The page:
3 miles East of Oxford near junction of A40 with A418

Brief History of Tradition

William (Merrie) KimberA Royal palace once stood at Headington when this was an Anglo Saxon domain.  Headington is famous for its stone quarry, which supplied the stone for most of the Oxford colleges between 14th - 18thC, and the Parliamentarians camped here in the Civil War.   The church dates from 12thC and was built by a Breton Knight; William (Merrie) Kimber's grave is in the churchyard.  Jim Phillips (Ring Squire 1958 - 60) and C. S. Lewis are also buried here.  The current sexton is Charlie Kimber (85), William's nephew.

At the end of the 18thC the Morris was well entrenched in Headington and included the names of families who were well established in Headington ca. 1700 suggesting earlier activity. The Kimber family seemed to have been involved from at least the 1820's (Anthony Kimber) and there is good evidence for continual performances from 1842 to 1885 with fiddle playing from Frank Cummings.

In the 1870's the Chequers was the team's headquarters and dancing commenced the Monday before Whitsun. They then went on tour dancing in Headington, Wheatley, Milton, and Long Crendon sleeping rough and getting drunk. They also danced at Easter and Christmas; William Kimber Snr. was the leader at this time and the routine seemed to consist of regular dancing and fighting with Wheatley.Charlie Kimber at Merry Kimber's grave, Headington, Oxford, UK, 1994

William Kimber Jr. made his debut in 1887 (Jubilee Celebrations) and after that dancing faded to just private shows. It was Percy Manning who organised the revival in 1898 and he paid two old dancers to train a young set. It was this group who were seen by Sharp on Boxing Day 1899, and the rest is history!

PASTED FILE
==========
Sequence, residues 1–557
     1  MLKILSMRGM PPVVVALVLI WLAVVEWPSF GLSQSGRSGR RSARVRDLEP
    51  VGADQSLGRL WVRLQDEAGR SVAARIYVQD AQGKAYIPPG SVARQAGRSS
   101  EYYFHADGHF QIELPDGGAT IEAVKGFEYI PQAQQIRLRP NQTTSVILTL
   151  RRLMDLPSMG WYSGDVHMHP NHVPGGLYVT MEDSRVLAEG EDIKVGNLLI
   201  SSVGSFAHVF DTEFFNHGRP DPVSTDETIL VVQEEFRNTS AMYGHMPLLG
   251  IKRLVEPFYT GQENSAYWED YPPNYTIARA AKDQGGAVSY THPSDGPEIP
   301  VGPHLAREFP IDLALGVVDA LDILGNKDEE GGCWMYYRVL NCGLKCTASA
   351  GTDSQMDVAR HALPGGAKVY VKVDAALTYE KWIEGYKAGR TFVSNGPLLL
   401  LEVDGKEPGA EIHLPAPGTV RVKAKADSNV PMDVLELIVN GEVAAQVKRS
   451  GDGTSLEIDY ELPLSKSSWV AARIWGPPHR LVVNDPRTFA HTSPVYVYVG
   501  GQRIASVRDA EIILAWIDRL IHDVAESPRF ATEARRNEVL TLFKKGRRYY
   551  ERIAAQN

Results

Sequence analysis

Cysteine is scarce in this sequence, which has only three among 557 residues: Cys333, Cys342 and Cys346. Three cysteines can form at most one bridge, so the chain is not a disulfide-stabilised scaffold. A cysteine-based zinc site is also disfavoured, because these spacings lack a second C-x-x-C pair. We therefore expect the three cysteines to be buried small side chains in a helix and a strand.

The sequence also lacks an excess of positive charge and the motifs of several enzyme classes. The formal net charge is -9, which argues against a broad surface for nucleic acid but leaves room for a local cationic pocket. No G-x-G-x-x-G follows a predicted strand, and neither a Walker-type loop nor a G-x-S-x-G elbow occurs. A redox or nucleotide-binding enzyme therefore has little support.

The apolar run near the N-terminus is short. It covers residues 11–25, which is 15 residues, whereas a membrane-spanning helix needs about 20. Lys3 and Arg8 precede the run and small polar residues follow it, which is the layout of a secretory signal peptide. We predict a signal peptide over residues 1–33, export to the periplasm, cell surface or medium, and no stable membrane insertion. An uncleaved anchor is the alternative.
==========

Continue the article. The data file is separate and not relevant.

A solid dancing side didn't really get underway until 1921 and this included Arthur and Fred Kimber and Jim Phillips who later helped to establish the Icknield Way Morris Men.  The present team's headquarters is The Mason's Arms.  William Kimber's grave is in the Churchyard just past The Masons Arms.

(Charlie Kimber at Merrie Kimber's grave, Headington, Oxford, UK, 1994)

Headington Quarry Men have made several visits to Our Side to give instructionals in an attempt at improving our style.




Dances Performed by Our Side

Handkerchief Dances

Stick Dances

Laudnam Bunches
Hunt the Squirrel

Characteristic Features of Tradition

Notation Glossary of Terms


Style Brisk and lively
Hand/Arm Movements Handkerchiefs are moved on horizontal circles by hands held above the head. Handkerchiefs are swept towards the head.
Sticking Short sticks, to be held neatly and gimballed to avoid accidents. No striking at the end of CF's.  Held by the butt or horizontally with two hands.
Start Normally face the music and walk round following a chord; sometimes singing. Sticks are held down pointing slightly in.  Dance into place


Stepping Single-Step (ss) Double Step (ds) (Always left foot start)
Side-Step (ssc) - Closed These are closed
Cross Hops (xh) Backwards movement in single-step; like Hop-backs (hb)
Plain Capers (PC) Leaps from one foot to the other.


Foot-Up (FU), Foot-Down (FD) Up to or Down from the music and back.
Cross Over (CO) 'belly to belly' Light the half gip, except that the same track is followed for the 2nd half of the figure. Right shoulders pass 1st half; left shoulders pass 2nd half
Back-to-Back (BB) Essentially one move forward move right into line and swing back steps into place. Right shoulders first, then left.
Whole Hey (WH) Always a ss hey, tucking the trailing foot in, leading hand shoots up and floats down before foot moves. Leading limb is determined from set facing in.  Individual route is slightly circular facing along the set and hb into place